Today the Brand Newsroom team looks at how brands use humour to interact with their customers on social media. Is it ever a good idea? Or can it spectacularly backfire? And, sometimes, are brands perhaps using humour in the hope they will “go viral”, rather than focusing on first marketing principles and giving customers the good service they expect.

 

First up, here’s the article about Tesco responding to the tweet about their mobile product.

  • Interacting with customers on social can be an opportunity to be funny but there’s also an opportunity to offend people — so be careful how you do it.
  • Sarcasm doesn’t work. People don’t like seeing that come from brands. Be self-effacing.
  • Don’t ever make fun of natural or human disasters.

“You could easily just ignore it but Tesco has jumped on it, they’ve seen it as an opportunity to be witty and capture some attention.” — James

 

  • Monitor how your brand name is being used on social and respond to it if necessary — whether that’s with humour or not.
  • Consumers like it when two brands interact on social with humour.

“You don’t want to offend people, you want to bring people along.” — Sarah

 

  • While marketing managers might want to “go viral”, it’s not always in the best interest of the brand. Ask yourself why you’re doing it before you try to “go viral”.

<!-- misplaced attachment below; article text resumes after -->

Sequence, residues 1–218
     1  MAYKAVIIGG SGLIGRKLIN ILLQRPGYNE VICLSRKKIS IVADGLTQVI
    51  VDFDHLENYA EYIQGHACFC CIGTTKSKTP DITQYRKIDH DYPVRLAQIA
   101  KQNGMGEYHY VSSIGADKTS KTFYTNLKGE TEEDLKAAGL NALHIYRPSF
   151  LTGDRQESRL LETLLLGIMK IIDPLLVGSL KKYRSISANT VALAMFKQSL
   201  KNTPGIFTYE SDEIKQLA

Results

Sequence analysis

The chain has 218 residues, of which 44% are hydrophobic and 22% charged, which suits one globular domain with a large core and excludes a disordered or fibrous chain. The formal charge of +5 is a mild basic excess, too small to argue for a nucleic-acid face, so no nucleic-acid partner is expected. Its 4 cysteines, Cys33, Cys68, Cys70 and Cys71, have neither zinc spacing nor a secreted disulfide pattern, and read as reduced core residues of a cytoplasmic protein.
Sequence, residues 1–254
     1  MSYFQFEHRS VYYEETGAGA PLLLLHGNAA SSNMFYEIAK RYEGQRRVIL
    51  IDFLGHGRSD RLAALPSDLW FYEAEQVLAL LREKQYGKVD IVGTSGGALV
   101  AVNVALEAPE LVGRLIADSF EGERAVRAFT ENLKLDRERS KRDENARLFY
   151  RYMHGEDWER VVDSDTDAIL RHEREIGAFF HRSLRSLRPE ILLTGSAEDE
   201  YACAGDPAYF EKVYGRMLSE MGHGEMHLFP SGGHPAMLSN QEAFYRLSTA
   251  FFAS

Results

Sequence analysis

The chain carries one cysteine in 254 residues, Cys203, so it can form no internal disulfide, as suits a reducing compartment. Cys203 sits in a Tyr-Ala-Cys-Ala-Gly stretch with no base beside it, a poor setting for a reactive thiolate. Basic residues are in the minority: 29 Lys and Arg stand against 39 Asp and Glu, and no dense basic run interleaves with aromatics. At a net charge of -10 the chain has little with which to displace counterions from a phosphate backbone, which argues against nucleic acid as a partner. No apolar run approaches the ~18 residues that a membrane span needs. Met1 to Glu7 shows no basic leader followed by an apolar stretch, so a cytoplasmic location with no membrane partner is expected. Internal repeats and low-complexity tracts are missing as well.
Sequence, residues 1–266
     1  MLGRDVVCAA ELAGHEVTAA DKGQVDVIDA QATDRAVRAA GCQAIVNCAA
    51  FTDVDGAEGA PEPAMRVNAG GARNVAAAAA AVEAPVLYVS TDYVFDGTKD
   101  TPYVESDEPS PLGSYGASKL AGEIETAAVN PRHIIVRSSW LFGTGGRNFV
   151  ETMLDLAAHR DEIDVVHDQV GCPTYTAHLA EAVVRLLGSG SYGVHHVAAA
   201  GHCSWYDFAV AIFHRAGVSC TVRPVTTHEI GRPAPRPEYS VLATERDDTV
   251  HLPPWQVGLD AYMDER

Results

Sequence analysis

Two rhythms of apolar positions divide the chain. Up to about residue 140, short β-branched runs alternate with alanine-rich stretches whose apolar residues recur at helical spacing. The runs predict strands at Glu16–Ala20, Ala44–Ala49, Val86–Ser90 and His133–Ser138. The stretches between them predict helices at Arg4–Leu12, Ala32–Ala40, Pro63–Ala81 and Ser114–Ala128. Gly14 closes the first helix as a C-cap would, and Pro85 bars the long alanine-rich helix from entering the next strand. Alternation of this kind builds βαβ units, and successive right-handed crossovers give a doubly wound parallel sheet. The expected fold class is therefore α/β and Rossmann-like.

• If you’re going to use humour it should be part of your strategy — know how you’re going to use it, have guidelines, stick to them.
  • Have some courage. It can pay off.

“There are certain brands out there that try a little too hard. It’s very obvious and you will pay for it.” — Nic

 

Here are the links you might need

  • Sarah mentioned Mention, the social media monitoring service. You can find it here.
  • Here’s an article about the Greggs and Google back-and-forth from a couple of years ago.
  • If you want to know more about Charmin’s #tweetfromtheseat, check out this article.
  • You can #dunkinthedark with Oreo’s here. And the movie theatre’s reply is here.
  • Take a look at Black Milk Clothing’s social media humour disaster here. And here’s Luton Airport’s.
  • Here’s James’s hilarious example of a pun-filled (and rather fishy) Twitter exchange.
  • But really, the most fun you will have today is watching the John West ad Nic mentioned (it has actually been voted “the best ad of all time” in some polls).

 

Have you heard the one about…

Here’s James, Sarah and Nic’s discussion with Jordana Borensztijn about using humour in your content…

 

And here’s a discussion from last week about dealing with PR disasters…

 

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This week, after attending the 21st birthday celebration of prominent global advertising agency M&C Saatchi in Sydney, an article was published by the Mumbrella editorial team outing the agency for what they felt was inappropriate conduct. In the article, the team reported entertainment such as women bursting out of cakes, and burlesque dancers dressed in bondage lingerie performing with bags over their heads.

In this episode the Brand Newsroom team are joined by Tim Burrowes, Content Director of Mumbrella to discuss what this means for the marketing and advertising industry. According to the team, this event is a merely symptom of a larger problem of gender in the space.

Links